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- Public service announcement: uninstall your antivirus. Seriously, it's probably just 'helpfully' intercepting all HTTPS connections.
- One of the most fascinating things about the sudden popularity of neural nets at doing things humans also do is the differing shapes of failure modes. For example, humans might mistake a plastic bag for a bird but we're not likely to think abstract art is actually a pengiun. It turns out that you can exploit this difference to make 'voice' commands that only computers can understand.
- I've heard for a while that a mixture of Maalox and water is a good treatment for tear gas but it always kind of sounded like an urban legend. I didn't realize that it had been tested and actually works!
- You've got to respect a game that, when faced with a reputation for enabling Space Hitler, doubles down and enhances the mechanics. (I tease because I love, Stellaris is great)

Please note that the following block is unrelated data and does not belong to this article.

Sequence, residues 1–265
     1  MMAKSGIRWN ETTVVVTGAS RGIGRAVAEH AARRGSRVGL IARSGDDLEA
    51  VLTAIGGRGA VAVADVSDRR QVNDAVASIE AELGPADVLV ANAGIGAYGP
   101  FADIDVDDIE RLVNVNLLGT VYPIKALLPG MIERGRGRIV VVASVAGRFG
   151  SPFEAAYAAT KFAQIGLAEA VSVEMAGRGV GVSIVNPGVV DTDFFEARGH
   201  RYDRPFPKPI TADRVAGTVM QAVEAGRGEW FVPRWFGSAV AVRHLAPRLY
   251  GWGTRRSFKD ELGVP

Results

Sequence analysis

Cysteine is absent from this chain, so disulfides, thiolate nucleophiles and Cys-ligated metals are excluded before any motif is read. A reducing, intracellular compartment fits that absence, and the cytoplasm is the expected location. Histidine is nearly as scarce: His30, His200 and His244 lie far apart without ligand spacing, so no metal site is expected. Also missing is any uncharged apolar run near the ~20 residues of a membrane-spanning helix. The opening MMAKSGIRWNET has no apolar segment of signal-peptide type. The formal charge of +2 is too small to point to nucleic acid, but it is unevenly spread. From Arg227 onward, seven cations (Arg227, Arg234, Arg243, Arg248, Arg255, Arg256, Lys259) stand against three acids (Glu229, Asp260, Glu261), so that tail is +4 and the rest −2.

- More evidence that we're starting be able to manipulate biology more easily: blight-resistant chestnut trees, cancer 'cured' in infants, paralysis reversed with stem cells.
- Weather radar is awesome but it's easily messed with. Turns out lots of things interfere.
- In the "jobs that won't exist soon" department: Roughneck. Of course, since the oil and gas were found by robots in the first place, it's only fair that the robots do the extraction.
- I'm always up for examining weird, unpopular programming languages and this lovely examination of using Kdb+ and Q to examine taxi ride metadata definitely fits. HN comments on this article and similar articles featuring Amazon's Athena, MapD on Nvidia, AWS, Redshift, and Elasticsearch. If Q sounds fun, there's a book appropriately called Q for Mortals.
- Finally, someone is building the small, arm SoC with gigabit and sata that I've always wanted: EspressoBin. Looks like they fully funded but the updates don't show up for non backers :(
- Speaking of ARM, some newer arm chipsets have big.LITTLE architectures, with one small core for low-energy idle-ish workloads and a beefier one that spins up when there's real work to do. No problem, unless for some reason you didn't write your code to assume that the length of your cache line might change at any time during execution.
A good HN thread on Peloton from last week.
- Another new nuclear reactor type, the molten-salt based Terrestiral Energy, intends to seek a license beginning in 2019.
- Solarflare claims to have 20ns latency with a restricted userspace tcp stack. Nice if you don't mind dropping $1500 on a NIC.